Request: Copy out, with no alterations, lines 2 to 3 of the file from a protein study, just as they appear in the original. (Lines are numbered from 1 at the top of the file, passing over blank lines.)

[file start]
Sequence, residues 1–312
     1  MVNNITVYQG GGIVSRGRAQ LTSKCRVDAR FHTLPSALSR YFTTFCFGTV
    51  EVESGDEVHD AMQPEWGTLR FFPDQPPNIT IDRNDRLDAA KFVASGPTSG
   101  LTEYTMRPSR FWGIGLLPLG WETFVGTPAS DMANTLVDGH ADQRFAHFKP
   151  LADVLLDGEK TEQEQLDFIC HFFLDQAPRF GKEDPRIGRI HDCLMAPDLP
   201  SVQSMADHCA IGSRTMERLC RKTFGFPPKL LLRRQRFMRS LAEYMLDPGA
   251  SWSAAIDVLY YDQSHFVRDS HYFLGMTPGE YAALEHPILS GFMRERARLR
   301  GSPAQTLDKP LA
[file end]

     1  MVNNITVYQG GGIVSRGRAQ LTSKCRVDAR FHTLPSALSR YFTTFCFGTV
    51  EVESGDEVHD AMQPEWGTLR FFPDQPPNIT IDRNDRLDAA KFVASGPTSG